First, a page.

Facebook co-founder Chris Hughes’ sets out $10mn anti-monopoly fund
The new initiative calls for stronger regulation and investigation of Big Tech giants dominating global markets
Chris Hughes is looking to give financial backing to his calls for economic diversity. After warning of the dangers inherent in corporate consolidation, even encouraging Facebook, the social media goliath where he started his career, Hughes called for the company to be dissolved.
Now Hughes is hoping to use the heightened interest around Big Tech to instigate a wider movement of regulation and analysis around companies holding a monopoly in the agricultural, health care and finance sectors. He has even called for companies to be dissolved where control of the market may be hurting consumers.
The Economic Security Project, co-chaired by Hughes, announced the launch of a US$10mn “anti-monopoly fund” on 17 October. The aim is to highlight the competition of commercial giants to promote diversity and “move the issue from the margins to the mainstream,” Hughes said in an interview with the Washington Post.
“You don’t need a degree in economics to know corporations and the wealthy have had a heavy hand in setting a lot of economic (policy) over the past several decades,” he added, “Americans understand corporate power has gotten out of control and a lot of (groups) are interested in organising to push back against them.”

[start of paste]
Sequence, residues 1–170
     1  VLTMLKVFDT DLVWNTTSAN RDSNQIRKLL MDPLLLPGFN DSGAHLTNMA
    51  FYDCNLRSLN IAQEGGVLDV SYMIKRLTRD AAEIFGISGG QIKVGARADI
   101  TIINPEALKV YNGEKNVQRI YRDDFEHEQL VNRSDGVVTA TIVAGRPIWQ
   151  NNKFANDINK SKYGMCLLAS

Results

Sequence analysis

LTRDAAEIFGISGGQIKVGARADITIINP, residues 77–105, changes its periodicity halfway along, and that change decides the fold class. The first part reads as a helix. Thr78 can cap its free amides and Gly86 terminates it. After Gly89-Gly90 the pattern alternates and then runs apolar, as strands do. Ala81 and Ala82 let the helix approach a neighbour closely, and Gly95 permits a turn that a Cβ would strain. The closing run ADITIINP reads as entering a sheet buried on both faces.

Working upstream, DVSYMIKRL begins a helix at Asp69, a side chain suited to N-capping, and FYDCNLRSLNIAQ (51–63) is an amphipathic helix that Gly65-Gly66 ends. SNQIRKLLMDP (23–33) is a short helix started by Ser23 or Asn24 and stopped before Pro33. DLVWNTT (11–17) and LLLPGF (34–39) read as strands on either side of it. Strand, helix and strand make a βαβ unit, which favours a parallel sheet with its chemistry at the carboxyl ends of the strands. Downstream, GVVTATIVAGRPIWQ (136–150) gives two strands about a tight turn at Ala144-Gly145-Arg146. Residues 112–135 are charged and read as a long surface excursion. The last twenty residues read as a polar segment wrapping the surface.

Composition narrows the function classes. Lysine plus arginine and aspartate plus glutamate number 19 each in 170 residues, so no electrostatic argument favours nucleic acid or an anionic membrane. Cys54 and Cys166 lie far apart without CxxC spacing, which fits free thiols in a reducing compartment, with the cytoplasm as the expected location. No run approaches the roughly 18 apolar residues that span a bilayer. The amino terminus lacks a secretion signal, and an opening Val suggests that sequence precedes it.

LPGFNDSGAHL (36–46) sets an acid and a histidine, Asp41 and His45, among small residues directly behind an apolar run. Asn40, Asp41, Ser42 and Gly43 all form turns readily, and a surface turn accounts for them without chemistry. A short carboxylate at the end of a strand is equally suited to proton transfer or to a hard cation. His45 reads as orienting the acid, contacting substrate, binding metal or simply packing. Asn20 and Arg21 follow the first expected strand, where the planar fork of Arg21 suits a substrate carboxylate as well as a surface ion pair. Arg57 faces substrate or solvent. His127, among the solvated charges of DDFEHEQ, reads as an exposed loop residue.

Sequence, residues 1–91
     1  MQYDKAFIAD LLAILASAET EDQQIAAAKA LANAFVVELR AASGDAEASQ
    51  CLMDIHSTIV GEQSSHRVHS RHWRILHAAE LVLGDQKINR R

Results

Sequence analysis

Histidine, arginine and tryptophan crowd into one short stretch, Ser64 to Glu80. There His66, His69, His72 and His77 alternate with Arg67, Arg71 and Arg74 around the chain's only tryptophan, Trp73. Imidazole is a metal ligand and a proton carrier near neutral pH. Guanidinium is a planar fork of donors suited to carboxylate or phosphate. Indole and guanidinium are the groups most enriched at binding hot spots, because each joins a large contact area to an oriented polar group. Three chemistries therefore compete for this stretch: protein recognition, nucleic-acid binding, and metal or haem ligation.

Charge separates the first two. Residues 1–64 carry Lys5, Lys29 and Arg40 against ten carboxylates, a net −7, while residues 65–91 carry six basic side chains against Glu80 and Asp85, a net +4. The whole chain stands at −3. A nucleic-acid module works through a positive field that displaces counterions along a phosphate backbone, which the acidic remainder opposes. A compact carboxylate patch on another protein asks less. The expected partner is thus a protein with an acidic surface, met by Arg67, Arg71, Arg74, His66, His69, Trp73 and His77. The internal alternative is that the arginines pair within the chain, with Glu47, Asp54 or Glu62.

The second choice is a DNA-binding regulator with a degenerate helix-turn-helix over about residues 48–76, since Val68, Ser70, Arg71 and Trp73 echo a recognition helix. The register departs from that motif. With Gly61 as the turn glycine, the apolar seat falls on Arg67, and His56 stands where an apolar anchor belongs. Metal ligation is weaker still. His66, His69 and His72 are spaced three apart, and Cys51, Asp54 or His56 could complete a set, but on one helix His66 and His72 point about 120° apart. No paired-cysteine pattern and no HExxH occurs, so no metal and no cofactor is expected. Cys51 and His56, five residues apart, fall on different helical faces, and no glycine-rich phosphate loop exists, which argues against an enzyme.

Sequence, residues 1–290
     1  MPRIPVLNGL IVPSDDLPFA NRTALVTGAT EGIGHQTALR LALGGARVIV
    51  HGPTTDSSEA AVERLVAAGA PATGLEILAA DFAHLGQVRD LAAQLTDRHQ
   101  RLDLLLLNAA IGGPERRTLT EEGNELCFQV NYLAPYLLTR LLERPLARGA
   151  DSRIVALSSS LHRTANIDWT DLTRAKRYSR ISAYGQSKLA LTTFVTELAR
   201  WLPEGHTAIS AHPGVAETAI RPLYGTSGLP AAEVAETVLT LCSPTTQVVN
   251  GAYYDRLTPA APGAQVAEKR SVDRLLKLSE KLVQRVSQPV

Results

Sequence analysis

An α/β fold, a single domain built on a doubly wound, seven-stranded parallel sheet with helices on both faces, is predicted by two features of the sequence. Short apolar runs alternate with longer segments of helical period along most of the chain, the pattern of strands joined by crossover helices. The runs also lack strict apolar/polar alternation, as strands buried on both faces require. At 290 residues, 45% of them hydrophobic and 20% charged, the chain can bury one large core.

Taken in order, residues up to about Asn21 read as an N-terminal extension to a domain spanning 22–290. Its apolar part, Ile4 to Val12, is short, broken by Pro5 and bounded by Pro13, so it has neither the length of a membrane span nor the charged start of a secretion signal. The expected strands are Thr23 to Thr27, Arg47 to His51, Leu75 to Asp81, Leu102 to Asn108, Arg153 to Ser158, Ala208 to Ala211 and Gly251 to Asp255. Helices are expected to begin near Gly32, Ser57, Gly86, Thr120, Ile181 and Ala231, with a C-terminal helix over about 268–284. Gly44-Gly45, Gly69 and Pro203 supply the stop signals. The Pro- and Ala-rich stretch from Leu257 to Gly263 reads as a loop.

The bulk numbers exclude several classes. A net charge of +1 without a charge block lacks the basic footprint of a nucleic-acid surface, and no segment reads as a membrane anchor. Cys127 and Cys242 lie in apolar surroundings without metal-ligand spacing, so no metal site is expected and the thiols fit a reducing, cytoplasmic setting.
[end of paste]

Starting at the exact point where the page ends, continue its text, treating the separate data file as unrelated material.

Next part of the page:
The project is set to invest in a varied array of organisations until March 2021. This includes academic facilities researching mergers and market power, regulatory bodies looking to rein in industry and grass roots organisations that are competing with, and being overshadowed by, big business. The funding is hoping to offset the millions of dollars that giants like Facebook and Google invest in furnishing research in the company’s favour.
In an essay for the New York Times, Hughes spoke out against Facebook CEO, Mark Zuckerberg’s influence and how it out matched “anyone in the private sector or government”. He added that, in his belief, it constituted the power to crowd out investment and stifle innovation, which would be a burden consumers would end up bearing.
Regulators across the US have emulated this sentiment as antitrust investigations targeting Big Tech have come forward in recent months. Many attorney generals have signed on to an antitrust probe of Google, and many are following suit targeting Facebook.